But this sailor was not made to ponder such thoughts. Quickly he jumped on the tortoise's back. The animal didn't stir but received him, indignant.

So now? It was difficult to sit up there; the shell was bumpy, slippery. The mariner clasped the beast between his legs and spurred with his heels, but the tortoise wouldn't move; he spurred it again, but soon felt sheepish. He looked out at the glaring sea.

Well then, what else?

The shell took his knife well. It was better than meerschaum, much better than whale tooth. Holding the rim of the shell with one hand, with the other he carved: s. c. 1786.

So there he was. He looked at his work. A small gesture, but it cheered him, like slipping a message in a bottle, tossing it into the damnable sea, and God only knew who might find it. He himself would leave no more than a heap of bones on a beach somewhere, crumbling back into sand.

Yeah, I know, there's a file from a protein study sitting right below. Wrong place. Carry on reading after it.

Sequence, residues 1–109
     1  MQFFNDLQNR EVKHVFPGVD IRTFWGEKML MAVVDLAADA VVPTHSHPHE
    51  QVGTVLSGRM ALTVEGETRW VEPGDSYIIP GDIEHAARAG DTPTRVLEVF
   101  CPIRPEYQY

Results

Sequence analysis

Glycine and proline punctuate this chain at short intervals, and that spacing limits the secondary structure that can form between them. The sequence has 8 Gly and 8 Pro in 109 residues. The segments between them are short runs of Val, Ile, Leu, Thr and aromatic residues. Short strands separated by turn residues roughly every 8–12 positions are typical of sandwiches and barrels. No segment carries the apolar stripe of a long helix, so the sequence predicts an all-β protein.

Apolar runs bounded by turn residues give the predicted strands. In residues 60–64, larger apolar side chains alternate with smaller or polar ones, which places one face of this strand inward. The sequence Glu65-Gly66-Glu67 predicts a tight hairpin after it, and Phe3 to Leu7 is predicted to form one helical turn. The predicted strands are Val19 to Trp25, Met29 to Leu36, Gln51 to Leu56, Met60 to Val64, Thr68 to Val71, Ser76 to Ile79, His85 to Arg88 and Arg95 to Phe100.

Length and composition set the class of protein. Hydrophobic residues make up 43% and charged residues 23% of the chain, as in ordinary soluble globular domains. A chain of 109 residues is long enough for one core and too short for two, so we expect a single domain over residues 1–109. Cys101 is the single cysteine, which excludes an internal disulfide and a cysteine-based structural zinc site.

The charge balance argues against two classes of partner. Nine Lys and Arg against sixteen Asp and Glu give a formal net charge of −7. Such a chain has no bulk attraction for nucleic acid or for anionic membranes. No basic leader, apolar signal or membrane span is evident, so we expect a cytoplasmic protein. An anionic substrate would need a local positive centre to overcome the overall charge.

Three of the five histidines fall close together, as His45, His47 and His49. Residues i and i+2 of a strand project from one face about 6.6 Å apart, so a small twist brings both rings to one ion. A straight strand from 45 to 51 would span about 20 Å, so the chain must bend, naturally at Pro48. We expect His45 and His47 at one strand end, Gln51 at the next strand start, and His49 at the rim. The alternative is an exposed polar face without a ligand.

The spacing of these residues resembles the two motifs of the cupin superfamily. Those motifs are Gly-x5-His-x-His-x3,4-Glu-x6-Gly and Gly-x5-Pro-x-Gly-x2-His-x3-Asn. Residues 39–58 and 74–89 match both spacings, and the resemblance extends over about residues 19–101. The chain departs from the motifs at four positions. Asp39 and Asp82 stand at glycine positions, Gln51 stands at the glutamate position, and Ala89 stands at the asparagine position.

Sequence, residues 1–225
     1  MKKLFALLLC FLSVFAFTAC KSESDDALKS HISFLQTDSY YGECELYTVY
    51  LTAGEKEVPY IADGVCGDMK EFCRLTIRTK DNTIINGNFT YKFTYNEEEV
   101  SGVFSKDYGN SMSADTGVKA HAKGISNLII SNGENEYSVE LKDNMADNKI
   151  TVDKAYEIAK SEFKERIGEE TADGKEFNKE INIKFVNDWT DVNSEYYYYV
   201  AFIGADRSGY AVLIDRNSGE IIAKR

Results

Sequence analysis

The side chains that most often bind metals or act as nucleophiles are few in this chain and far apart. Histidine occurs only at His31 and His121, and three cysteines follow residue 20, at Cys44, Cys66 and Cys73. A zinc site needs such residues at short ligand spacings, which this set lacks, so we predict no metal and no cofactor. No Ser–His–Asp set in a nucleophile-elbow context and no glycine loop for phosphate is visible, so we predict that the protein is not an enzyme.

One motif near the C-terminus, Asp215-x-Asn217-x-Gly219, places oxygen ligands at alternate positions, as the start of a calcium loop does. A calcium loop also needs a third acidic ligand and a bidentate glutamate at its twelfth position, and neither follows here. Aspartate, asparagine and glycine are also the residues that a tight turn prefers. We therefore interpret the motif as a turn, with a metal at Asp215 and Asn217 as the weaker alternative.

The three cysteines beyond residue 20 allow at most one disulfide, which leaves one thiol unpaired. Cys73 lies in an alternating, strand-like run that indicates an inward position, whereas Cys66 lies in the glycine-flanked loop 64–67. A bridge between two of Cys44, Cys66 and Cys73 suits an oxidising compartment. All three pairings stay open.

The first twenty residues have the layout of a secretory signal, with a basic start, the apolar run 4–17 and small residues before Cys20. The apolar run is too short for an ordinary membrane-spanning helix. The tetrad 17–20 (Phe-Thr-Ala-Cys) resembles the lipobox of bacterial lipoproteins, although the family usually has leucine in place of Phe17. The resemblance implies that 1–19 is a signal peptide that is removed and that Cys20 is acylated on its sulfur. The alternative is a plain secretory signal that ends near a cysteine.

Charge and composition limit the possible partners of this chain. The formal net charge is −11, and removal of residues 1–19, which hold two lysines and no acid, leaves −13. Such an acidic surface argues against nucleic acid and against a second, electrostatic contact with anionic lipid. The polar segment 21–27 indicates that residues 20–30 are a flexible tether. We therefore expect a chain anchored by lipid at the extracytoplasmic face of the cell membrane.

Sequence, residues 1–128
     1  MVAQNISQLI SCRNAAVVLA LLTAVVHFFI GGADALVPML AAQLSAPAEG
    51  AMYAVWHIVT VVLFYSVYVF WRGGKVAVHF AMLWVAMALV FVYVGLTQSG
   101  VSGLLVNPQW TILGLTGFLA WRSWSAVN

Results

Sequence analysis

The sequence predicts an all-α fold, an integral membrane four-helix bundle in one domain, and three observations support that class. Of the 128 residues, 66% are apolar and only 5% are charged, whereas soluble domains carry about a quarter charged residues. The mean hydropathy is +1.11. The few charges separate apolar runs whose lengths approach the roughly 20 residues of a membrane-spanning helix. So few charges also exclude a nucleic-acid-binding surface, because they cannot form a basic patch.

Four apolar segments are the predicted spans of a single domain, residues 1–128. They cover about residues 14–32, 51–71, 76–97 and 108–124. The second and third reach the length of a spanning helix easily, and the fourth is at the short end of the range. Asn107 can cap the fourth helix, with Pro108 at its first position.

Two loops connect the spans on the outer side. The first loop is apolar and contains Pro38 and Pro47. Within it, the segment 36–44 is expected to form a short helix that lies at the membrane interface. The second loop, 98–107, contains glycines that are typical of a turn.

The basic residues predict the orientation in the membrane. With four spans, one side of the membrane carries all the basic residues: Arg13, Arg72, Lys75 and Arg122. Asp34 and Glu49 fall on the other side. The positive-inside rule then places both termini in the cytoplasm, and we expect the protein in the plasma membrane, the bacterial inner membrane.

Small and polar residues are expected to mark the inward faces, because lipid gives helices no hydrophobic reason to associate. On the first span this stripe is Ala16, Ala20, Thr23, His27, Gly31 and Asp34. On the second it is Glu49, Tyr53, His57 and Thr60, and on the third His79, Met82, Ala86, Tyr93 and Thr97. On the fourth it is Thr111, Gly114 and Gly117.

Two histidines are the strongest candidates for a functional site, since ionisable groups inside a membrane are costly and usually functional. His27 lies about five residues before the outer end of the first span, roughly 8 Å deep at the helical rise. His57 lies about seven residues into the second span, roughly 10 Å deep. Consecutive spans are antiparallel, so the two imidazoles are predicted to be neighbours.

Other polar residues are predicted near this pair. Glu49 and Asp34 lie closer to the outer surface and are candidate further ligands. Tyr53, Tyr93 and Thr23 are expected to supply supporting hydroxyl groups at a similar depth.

The sailor slid off the tortoise, and again the two looked at each other.

"That's that," he said. "So long!" He patted the animal on the shell, a little sorry to go.

The tortoise, released, lumbered off, over the hot volcanic sand.

London, 1786

In Soho Square, Sir Joseph Banks was sitting at his desk, pondering a globe. He had a large bulldog head, wavy white hair, fierce eyes. Around him in the library were his natural collections, mementoes from when he'd sailed the Endeavour with Captain Cook: the small reddish kangaroo he'd hunted in Terra Australis, which now sat limp and stuffed on his shelf; the wandering albatross he'd shot from deck, its wings spanning nine feet; a polished Maori skull on a pedestal; and his prize: an etching of a tree with flowers like barnacles that was now called Banksia grandis. A new tree he himself had found. So gratifying to have one's name fixed on the world!